Senator Arlen Specter of Pennsylvania feels "entitled" to the deal he made with Majority leader Reid over his seniority as a new Democrat. After all Specter swings power to the Democrats in the Senate, giving Democrats enough votes to cut off attempts to filibuster judicial nominations.
A new poll shows that Specter's party switch paid off, according to The Hill. He is shown to be ahead in two general election match-ups. George Stephanopoulos reported the the results would be closer if he were running against former Governor Tom Ridge.
Senator Specter seems to have been energized by his switch. And he probably feels a bit buoyed by the welcome he has gotten from his female Democratic colleagues in the Senate, according to CQ Politics. The Senator has introduced legislation to curb overreaching of the executive branch, as well as a bill (with Senator Webb) to overhaul America's criminal justice system.
In the wake of Senator Specter's switch from Republican to Democrat, people differ about whether it was courageous or ambitious. Most agree that he will remain very independent. Politico reports that "The GOP is a specter of itself." To quote,
Amid gloating among Democrats and recriminations among Republicans, the Specter divorce is both symptom and cause of the GOP collapse — leaving the opposition party on the brink of irrelevance in Barack Obama’s Washington and facing few obvious paths back to power.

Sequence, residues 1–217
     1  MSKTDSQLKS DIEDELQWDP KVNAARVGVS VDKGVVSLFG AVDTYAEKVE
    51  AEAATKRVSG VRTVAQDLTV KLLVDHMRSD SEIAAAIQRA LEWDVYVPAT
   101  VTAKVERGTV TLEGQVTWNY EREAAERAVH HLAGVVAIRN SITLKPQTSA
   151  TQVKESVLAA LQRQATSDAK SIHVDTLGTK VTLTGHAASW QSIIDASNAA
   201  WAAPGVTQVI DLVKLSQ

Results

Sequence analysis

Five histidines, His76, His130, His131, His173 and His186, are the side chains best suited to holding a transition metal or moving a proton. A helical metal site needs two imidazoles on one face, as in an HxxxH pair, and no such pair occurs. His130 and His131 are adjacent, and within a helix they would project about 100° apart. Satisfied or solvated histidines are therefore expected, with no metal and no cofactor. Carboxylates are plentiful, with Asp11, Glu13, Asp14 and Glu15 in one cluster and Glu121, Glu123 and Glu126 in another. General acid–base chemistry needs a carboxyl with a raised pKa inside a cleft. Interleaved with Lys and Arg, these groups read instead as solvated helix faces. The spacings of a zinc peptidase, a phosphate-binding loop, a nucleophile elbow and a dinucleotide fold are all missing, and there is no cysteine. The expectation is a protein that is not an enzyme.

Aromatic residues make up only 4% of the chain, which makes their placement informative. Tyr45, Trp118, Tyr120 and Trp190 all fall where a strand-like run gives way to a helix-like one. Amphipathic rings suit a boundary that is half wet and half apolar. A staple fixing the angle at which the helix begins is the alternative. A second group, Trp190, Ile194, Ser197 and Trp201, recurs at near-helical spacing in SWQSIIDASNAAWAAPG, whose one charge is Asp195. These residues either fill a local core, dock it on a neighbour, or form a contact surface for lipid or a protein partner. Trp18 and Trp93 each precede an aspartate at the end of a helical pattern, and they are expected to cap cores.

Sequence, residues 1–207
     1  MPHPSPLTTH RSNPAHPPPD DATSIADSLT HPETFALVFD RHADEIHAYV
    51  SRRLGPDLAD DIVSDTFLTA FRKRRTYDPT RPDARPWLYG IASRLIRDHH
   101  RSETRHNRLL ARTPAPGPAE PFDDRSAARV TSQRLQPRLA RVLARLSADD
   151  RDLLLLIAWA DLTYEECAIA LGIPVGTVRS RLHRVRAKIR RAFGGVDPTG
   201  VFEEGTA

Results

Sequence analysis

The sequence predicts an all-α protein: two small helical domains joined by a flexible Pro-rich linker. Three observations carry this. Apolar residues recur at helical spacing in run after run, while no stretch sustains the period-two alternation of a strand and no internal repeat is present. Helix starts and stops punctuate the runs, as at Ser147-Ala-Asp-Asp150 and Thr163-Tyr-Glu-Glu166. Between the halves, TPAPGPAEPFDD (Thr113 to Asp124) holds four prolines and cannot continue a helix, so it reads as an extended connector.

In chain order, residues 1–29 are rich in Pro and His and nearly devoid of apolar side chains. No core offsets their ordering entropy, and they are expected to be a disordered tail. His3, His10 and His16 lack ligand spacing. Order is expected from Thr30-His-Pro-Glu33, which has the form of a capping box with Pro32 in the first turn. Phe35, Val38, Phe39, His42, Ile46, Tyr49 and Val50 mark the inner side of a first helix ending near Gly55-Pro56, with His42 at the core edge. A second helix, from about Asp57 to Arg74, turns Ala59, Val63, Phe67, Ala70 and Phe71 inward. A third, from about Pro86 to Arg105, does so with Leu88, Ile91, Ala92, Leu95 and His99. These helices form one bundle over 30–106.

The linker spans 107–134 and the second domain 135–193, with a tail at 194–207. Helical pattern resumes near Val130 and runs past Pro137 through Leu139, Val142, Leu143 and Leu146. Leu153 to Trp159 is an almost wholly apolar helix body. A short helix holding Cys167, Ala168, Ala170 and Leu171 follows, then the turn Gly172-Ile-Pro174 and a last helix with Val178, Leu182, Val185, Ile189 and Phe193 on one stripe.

The Pennsylvania Republican’s about-face, combined with the all-but-certain ascension of Minnesota Democrat Al Franken to the Senate, should soon leave Democrats with a filibuster-proof 60-vote majority.
. . . But Specter’s abandonment didn’t happen in isolation. No matter whether his move was motivated by principle, fear, or opportunism — or some combination of the three — it comes in the same month as a traditionally GOP-leaning district in upstate New York tipped for the Democrats. In the nine states of the Northeast, including Pennsylvania, there are only 15 GOP House members out of 83 seats, and now just three Republicans out of 18 senators.
. . . While many Republicans were jeering Specter as he headed for the exits, few were denying that the move was a setback, both in public perceptions and legislative arithmetic.
In the midst of it all, CQ Politics reports, "Sen. Jim DeMint wants to promote new, tougher brand of party discipline in coming weeks as the leader of the Republican Steering Committee. Now facing an emboldened Democratic majority, Republicans disagree on the best survival strategy." But DeMint wants conservative purity.
Specter's switch has ushered in a whole new deal in the Senate, in my opinion. Though critics said it was pure ambition, I have to admire his honesty about his motivation. He did not resort to the typical Republican spin, which is at least a good start for him.
See also Behind the Links, for further info on Congress.
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